Every weekend I head to mum and dads to raid their veggie patch for my weekly veg, I get such a thrill to see what's new and hear the latest instalment of dads 'war against the snails'.
I have been planning a veggie patch for our new place for a while, but I can't imagine having the time to nurture anything more than a pot of basil!
This is where Maya comes in, she has a busy career, runs popular blog House Nerd in her spare time and still manages to maintain this amazing thriving veggie garden! Thankyou Maya for giving me hope that I too can achieve my dream of homegrown produce!
Words & Images - Maya Anderson
I always wondered why people bothered to grow vegetables – why would anyone bother putting in all the time and effort? Fast forward to now and I cannot imagine not having one! I absolutely love it. I want everyone else to do it. I have become the Jehovah’s Witness of veggie gardens… When a friend buys a new house I am knocking on the door - I check out their alfresco and announce that they could definitely put a veggie garden in!
Once you start, it’s easy to get hooked. I started a veggie garden because I was sick of throwing out frightening unidentified brown things from the veggie crisper that I had forgotten about. When you’re about to start cooking dinner, it’s so nice being able to pick things from the garden and not have to put a bra on to go to the shops (yes I said it). And you’ll swear your homegrown veggies taste extra-good, too.
While you will have to fork out for the costs of starting a vegetable garden, in time it will pay itself off with what you’ll save in buying overpriced veggies from the shops.
Start your garden off on the right foot and all you need to do is water it, clear up dead leaf mess every few weeks and once or twice a year add in some fresh soil or manure. Vegetable gardening can be easy, even if you’re busy, lazy or have a black thumb.
MY TOP TIPS FOR SUCCESS…
Pick the right spot
Try to find a spot in your garden or balcony that gets at least six hours of direct sunlight per day. But don’t worry if you don’t have such a spot, you can still grow some veggies like lettuce, broccoli, spinach and garlic in shady spots.
Invest in good soil up front
Where I live, the soil is nasty, so we bought a truckload of good-quality soil (ask for veggie mix) and sheep manure which cost us about $70 per square metre. “$70 for dirt?” you might cry but if you want to make it grow with minimal effort, it will be well worth it. And your veggies will taste nicer, too!
Buying raised garden bed kits might seem like an unnecessary expense when you can plant straight in the ground, but I love raised beds because you can fill them with good soil from the start rather than trying to enrich poor-quality soil. They also help prevent weeds and keep bugs out, (and keep the plants safe from our dog Nala, who likes rolling on new lettuce seedlings). Line your raised garden with black plastic and newspaper to stop weeds getting through. I like Birdies Raised Garden Kits from Bunnings but you can also plant vegetables in pots, wine barrels, old wheelbarrows and even old wicker baskets like my mum has done.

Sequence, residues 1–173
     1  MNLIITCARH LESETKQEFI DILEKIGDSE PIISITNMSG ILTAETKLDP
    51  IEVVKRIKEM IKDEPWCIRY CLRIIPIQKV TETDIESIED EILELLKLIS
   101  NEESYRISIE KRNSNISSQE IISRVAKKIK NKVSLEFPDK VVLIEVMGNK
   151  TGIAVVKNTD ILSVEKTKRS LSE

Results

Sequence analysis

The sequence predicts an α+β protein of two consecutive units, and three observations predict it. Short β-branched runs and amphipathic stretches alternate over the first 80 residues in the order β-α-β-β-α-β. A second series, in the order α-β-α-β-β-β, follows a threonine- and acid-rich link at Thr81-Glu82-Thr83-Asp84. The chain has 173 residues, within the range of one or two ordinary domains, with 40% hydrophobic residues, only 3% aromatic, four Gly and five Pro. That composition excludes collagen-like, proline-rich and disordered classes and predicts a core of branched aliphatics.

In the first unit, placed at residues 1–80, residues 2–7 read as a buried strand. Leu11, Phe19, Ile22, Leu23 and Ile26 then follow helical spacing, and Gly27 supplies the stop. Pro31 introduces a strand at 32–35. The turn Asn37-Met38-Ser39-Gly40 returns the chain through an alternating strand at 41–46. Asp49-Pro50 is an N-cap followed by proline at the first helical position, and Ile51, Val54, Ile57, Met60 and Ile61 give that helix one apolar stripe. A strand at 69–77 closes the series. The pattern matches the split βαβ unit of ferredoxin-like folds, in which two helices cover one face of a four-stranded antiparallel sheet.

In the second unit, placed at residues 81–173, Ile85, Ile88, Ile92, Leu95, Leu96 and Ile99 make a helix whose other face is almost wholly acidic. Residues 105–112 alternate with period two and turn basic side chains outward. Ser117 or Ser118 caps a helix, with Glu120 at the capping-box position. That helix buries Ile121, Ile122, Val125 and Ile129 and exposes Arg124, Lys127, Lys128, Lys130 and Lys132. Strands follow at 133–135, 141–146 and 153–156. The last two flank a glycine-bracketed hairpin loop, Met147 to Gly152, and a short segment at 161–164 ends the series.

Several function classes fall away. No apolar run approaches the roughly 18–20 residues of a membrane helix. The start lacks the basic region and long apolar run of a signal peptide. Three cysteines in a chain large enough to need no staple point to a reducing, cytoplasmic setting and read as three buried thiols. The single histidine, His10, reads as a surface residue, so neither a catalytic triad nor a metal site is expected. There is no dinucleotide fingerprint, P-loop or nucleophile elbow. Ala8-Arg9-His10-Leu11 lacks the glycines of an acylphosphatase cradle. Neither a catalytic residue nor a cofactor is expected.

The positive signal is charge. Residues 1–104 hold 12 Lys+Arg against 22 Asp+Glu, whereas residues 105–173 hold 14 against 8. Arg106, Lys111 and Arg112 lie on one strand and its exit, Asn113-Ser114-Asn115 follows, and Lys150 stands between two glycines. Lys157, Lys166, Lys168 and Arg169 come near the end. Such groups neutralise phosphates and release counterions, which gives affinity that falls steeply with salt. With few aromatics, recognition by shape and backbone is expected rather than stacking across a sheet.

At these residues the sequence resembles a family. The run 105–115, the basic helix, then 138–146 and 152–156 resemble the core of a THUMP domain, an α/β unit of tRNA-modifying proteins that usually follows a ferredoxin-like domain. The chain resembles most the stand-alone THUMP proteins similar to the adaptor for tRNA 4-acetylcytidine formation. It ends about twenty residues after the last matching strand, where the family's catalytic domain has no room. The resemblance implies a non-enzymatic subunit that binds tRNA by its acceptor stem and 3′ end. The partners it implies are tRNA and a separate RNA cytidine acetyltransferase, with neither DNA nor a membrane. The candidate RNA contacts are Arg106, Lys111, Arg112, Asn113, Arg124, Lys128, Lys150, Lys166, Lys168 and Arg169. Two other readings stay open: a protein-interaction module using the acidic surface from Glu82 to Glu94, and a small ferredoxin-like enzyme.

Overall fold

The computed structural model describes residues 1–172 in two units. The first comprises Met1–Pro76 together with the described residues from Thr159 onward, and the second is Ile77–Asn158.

A bit every day or couple of days, but coming into the rainy season, you can generally get away with watering your plants even less. Water every day in summer.
Plant pick-and-come-again veggies
I love to plant what are often called pick-and-come-again veggies and herbs where you can just cut from them as you need them in the kitchen, like a couple of lettuce leaves for your sandwich. Herbs like chives, oregano and thyme will grow back better the more you cut them.
Don’t be disheartened if you plant something and it dies or gets completely eaten by snails that same night (happened to me with beetroot!) Just move onto planting the next thing. Seedling punnets are cheap at around $2.25 – so just keep trying things until you find what works in your garden and thrives in your soil. It’s part of the fun!
Stay tuned for next week when I will share my favourite easy grow herbs & veggies!
Maya Anderson is a freelance journalist and the blogger behind House Nerd, where she shares gorgeous homes, shops, before and after stories and her DIY renovating adventures.